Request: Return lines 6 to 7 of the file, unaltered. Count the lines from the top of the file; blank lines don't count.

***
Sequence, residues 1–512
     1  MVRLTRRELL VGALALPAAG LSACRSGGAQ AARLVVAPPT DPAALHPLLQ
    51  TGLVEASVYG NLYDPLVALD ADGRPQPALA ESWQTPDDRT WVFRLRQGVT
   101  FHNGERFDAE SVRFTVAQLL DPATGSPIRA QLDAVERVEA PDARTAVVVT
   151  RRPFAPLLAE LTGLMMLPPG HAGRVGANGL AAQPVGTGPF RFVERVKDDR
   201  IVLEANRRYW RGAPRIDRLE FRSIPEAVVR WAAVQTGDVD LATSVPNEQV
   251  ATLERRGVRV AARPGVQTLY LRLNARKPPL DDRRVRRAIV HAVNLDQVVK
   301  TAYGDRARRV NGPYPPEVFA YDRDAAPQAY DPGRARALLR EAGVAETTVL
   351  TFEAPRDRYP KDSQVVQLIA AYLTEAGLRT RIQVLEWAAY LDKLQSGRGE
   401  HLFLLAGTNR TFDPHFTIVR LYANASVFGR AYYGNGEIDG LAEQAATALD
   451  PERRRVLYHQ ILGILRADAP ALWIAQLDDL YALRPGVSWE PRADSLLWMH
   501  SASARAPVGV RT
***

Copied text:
   201  IVLEANRRYW RGAPRIDRLE FRSIPEAVVR WAAVQTGDVD LATSVPNEQV
   251  ATLERRGVRV AARPGVQTLY LRLNARKPPL DDRRVRRAIV HAVNLDQVVK